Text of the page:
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Long Stratton is a civil parish in Norfolk, England. It consists of two villages; the larger, Stratton St. Mary, is to the south, and the other, Stratton St. Michael, is to the north. It is home to a substantial population of 4,424(Census 2011).[1]


The village is situated halfway between the county town, Norwich, and the market town of Diss; along the Roman built road, the A140 (once known as Pye Road[2]) – which runs from Cromer (North Norfolk) to Ipswich (Suffolk).

Long Stratton borders five other parishes: Tharston and Hapton, Tasburgh, Morning Thorpe, Pulham Market, Wacton.


One of the ancient parishes that make up the modern village of Long Stratton was served by St Michael’s church, whose rector from 1779 to 1823, Francis Wickham Swanton, was an Oxford contemporary of the celebrated Parson James Woodforde. The Blennerhasett family, later prominent in the Plantation of Ulster, were Lords of the Manor in the sixteenth century.

The church contains a rare example of a Sexton’s wheel.[3] The only other example in the country is claimed to be at Yaxley, Suffolk.[4]

Long Stratton St Mary

Long Stratton has two Church of England churches (St Mary and St Michael), as well as a Methodist church. The church of Long Stratton St Mary (see right) is one of 124 existing round-tower churches in Norfolk.

Village Demographics[edit]

According to the 2001 United Kingdom Census, Long Stratton CP is home to 3,701 people, who reside in a total of 1,598 dwellings, and have a mean age of 38.63. The statistics further confirm that Long Stratton is used as a commuter village, with the average employed person travelling 17.25 miles to their place of work.[5]


Long Stratton is part of the electoral ward of Stratton. This ward had a population of 5,519 at the 2011 census.[6]

Bypass proposals[edit]

There has been cause for the building of a bypass around Long Stratton for over 60 years. Builders of the new “Churchfields” housing estate to the east of the village proposed to build a bypass as part of the submission for planning permission in the mid-1990s, though this was rejected by the Highways Agency on the grounds that the planned road was not of a sufficiently high standard to redesignate it as part of the main A140 Trunk Road.

2006 was supposed to bring about the construction of the new bypass by Norfolk County Council, who had assumed responsibility for the A140 from the Highways Agency in 2001.[7]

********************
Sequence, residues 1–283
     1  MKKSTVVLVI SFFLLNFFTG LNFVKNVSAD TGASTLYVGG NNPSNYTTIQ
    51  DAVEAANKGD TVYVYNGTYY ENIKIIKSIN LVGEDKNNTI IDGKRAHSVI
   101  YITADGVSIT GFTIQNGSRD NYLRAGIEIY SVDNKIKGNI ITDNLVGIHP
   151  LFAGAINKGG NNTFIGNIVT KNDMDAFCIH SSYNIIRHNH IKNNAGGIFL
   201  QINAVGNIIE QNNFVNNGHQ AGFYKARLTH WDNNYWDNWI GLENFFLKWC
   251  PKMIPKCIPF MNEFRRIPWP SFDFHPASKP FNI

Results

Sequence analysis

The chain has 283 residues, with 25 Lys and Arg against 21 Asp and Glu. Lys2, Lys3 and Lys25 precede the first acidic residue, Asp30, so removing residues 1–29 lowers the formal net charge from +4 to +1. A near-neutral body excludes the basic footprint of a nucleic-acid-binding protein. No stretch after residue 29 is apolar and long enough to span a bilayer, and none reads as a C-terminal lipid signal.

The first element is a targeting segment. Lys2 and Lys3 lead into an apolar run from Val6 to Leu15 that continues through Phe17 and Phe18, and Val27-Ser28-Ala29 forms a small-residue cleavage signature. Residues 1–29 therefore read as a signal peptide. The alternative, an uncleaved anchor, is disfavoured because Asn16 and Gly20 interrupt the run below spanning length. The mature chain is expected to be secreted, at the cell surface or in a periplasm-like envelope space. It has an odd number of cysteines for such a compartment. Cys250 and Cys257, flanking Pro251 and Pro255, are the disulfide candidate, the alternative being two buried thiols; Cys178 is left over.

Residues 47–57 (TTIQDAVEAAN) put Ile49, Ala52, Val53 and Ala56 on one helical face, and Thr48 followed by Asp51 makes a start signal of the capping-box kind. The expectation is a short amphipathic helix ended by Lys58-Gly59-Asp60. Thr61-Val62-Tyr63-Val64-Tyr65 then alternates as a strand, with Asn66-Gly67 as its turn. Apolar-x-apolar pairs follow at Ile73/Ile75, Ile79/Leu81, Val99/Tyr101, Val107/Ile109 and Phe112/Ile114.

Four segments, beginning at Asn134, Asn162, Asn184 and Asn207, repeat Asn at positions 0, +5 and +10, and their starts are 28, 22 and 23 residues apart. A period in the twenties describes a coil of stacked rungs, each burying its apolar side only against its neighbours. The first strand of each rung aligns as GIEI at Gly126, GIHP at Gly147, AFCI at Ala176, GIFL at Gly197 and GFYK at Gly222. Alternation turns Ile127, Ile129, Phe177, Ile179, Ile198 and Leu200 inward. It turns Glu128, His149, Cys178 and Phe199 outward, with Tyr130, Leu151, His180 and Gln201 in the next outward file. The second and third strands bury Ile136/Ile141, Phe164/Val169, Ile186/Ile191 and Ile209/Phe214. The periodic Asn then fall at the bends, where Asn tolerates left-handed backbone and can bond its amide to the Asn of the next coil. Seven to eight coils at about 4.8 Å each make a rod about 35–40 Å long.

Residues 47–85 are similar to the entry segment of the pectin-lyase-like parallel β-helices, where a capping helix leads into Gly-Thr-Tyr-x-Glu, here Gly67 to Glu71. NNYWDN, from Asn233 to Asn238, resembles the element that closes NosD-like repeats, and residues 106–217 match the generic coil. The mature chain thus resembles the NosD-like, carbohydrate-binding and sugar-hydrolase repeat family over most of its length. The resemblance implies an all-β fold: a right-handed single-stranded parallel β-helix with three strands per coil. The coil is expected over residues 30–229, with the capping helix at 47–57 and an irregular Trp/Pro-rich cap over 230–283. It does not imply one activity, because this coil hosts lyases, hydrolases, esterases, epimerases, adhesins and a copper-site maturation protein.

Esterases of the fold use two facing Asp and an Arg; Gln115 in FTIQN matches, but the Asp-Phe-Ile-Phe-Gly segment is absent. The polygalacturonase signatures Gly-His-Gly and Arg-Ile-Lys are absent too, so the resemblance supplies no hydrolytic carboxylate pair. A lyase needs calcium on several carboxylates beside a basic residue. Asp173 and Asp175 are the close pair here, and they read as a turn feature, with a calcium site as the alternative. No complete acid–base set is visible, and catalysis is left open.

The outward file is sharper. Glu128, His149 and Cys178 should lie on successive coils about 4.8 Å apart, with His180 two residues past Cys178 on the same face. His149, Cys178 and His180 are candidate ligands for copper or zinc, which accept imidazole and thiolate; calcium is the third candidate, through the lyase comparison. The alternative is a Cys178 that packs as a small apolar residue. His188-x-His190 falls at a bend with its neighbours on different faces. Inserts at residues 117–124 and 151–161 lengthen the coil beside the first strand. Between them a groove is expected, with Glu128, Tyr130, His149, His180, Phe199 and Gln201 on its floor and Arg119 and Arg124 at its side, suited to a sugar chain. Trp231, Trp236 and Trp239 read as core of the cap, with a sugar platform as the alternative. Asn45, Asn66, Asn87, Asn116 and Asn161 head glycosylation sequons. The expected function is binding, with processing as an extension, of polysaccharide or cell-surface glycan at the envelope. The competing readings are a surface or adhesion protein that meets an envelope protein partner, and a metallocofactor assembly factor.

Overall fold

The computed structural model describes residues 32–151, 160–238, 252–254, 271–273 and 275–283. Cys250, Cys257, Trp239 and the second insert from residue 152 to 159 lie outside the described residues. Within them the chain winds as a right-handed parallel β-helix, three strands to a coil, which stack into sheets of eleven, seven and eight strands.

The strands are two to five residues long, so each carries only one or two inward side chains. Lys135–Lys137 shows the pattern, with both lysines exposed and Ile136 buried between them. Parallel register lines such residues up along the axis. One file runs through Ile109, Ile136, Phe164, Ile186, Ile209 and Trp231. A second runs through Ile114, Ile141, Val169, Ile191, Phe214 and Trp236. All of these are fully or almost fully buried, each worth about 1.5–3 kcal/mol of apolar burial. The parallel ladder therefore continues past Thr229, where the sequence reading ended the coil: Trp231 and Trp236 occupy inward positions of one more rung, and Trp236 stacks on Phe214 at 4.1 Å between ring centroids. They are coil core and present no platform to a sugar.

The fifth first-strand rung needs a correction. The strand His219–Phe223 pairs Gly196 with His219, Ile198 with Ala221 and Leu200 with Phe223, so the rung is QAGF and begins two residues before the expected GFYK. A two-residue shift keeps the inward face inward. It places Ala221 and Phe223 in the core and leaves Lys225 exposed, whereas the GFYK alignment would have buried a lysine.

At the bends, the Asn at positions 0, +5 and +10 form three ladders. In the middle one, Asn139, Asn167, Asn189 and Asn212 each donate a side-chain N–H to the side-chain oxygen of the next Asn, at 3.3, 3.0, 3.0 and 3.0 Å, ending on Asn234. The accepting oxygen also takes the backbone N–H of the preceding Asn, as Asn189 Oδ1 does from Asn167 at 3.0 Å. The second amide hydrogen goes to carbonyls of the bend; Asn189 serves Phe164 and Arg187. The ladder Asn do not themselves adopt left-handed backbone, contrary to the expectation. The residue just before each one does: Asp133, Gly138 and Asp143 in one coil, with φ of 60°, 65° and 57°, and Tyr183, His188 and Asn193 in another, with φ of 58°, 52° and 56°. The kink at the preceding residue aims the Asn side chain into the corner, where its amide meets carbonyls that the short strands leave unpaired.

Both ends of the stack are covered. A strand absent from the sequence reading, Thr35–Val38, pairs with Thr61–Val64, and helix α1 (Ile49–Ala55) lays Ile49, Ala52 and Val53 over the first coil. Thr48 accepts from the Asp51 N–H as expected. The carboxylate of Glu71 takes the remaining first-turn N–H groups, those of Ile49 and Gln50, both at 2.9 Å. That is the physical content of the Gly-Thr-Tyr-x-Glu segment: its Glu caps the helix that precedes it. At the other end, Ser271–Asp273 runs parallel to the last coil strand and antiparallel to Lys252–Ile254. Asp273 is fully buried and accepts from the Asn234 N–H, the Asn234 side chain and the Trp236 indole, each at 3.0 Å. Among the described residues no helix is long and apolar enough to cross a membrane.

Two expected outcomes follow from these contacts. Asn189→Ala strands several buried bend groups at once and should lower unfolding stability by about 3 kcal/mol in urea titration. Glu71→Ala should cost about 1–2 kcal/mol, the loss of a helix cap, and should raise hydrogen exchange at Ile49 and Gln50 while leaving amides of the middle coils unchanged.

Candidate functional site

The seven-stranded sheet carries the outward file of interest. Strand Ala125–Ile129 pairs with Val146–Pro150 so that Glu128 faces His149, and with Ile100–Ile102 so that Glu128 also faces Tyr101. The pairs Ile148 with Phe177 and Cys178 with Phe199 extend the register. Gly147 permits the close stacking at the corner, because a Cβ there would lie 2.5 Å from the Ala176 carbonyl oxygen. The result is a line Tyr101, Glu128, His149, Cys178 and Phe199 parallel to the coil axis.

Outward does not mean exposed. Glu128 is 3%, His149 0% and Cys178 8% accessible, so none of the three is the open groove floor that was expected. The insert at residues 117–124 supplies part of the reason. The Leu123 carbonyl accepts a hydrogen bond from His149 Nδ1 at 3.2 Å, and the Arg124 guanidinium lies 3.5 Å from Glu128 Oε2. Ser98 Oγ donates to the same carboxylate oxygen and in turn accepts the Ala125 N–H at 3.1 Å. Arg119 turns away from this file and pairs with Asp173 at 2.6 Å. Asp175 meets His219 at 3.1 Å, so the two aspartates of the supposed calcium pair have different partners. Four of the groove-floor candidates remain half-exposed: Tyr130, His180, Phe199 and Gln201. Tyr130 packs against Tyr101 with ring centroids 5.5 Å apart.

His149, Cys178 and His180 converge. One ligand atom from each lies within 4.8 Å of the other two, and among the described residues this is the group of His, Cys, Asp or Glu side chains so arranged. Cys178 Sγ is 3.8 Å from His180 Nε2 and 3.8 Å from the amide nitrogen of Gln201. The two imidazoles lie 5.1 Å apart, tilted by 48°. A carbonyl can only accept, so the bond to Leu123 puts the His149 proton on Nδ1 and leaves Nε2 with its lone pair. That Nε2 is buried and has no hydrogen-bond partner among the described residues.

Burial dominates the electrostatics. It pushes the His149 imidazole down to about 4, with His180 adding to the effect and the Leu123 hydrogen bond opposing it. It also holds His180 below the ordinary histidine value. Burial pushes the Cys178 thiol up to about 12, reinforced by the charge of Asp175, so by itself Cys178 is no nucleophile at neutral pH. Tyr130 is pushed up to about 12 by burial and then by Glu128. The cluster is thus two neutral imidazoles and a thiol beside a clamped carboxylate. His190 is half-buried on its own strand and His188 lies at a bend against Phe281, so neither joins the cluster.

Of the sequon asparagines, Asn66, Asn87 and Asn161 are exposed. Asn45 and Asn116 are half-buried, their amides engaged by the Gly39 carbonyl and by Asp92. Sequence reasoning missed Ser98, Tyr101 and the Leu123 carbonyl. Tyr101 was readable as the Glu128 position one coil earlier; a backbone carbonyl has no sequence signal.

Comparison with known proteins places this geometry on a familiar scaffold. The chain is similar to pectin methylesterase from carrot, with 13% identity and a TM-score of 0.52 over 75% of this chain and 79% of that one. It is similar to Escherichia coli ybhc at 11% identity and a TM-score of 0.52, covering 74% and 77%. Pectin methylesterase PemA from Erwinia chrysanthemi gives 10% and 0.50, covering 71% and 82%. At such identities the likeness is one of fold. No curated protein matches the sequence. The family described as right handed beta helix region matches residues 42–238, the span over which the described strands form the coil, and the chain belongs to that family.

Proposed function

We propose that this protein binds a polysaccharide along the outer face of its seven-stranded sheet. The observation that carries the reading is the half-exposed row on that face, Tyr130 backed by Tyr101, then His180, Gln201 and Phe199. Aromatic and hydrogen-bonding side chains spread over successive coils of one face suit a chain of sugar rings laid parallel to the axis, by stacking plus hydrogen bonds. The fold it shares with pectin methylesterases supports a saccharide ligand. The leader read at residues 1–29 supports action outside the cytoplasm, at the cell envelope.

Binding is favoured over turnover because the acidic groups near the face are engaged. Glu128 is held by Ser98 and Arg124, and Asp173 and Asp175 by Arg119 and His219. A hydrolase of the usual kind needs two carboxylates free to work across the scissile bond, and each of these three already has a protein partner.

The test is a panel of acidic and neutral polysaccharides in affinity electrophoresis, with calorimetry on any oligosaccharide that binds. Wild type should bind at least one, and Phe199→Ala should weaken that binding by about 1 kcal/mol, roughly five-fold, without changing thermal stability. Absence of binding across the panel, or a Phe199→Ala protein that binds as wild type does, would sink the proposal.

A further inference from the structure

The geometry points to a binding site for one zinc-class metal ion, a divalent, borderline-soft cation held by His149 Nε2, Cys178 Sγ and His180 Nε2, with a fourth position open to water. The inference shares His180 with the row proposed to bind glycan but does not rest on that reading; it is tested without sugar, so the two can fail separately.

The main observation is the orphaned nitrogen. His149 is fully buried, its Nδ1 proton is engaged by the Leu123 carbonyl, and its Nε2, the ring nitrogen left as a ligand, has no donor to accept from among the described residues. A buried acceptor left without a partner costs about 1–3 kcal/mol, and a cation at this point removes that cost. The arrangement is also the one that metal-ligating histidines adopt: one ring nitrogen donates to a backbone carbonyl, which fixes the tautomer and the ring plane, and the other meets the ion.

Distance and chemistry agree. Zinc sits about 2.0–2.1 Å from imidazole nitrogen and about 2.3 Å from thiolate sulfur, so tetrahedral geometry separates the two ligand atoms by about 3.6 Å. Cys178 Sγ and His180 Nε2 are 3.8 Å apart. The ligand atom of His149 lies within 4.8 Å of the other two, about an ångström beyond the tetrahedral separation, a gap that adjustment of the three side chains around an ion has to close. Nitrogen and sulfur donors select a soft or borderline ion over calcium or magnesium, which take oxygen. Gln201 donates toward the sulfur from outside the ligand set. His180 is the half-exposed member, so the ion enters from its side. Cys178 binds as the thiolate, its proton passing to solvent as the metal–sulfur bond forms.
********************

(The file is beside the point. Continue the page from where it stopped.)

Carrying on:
There was considerable opposition to the bypass on either side of the A140, by residents of the village of Tharston to the west, and those of the hamlet of Wood Green Common to the east. Eventually, it was decided that a bypass to the east would have less environmental impact.

The total cost of the three miles stretch of dual carriageway, with a roundabout at either end, was estimated to be £21.8m (2004) – compared to earlier estimates of £6m to £16m (2002).

Following the May 2005 elections, the planning suffered a one-year delay, when changes to the planning permission laws meant that the application for the permission of the bypass had to be resubmitted.

Subsequent changes to the way in which local road building projects are prioritised and funded have led to a decision to suspend construction of the bypass until 2016 at the earliest, despite Norfolk County Council already having spent over £1m on site preparation & legal fees. This led local resident Jason Bunn to establish an online petition on the Prime Minister’s website calling for the funding to be made available immediately. Local MP Richard Bacon also joined in the campaign, lobbying Transport Secretary Alistair Darling and Roads Minister Stephen Ladyman for a change in the decision.

Facilities and amenities[edit]

The Co-op supermarket on The Street

The village accommodates three schools first known as: Manor Field First School, St. Mary’s Middle School, and Long Stratton High School. However, in September 2006, ‘Manor Field First school’ became ‘Manor Field Infant school’ and ‘St. Mary’s middle school’ became ‘St. Mary’s church of England junior school’.

Shopping facilities are located along the main street which runs through the village (part of the A140 road), as well as in two small shopping centres (South Norfolk Shopping Precinct and The Icehouse Precinct – so called because it was built adjacent to the Victorian icehouse belonging to Long Stratton Manor). A coop supermarket is located in the centre of the village (see right). In August 2015, a Subway sandwich shop opened inside the supermarket. There are also two public houses (The Queen’s Head and The Swan). Long Stratton also has a Doctors surgery, as well as a Leisure centre operated by South Norfolk District Council.

In terms of public transport, numerous operators run bus services between the village and the city of Norwich.

The village has also seen the creation of two new housing estates for the new millennium, increasing the village population and size.

Barclays Bank Closure[edit]

Long Stratton had a branch of Barclays Bank branch in the centre of the village, but its closure was controversially announced in September 2015. South Norfolk MP, Richard Bacon said he was “very disappointed” and local residents petitioned against the decision, but on 18 September 2015 the bank closed. The closure of the ATM has caused some inconvenience, with only two other machines in the village.[citation needed]

SNYA Radio[edit]

SNYA Radio is a community youth internet radio station, established in 2008, and run by and for young people in Suffolk and Norfolk. Its original studios are based at Long Stratton Leisure Centre, with another in Attleborough.[8]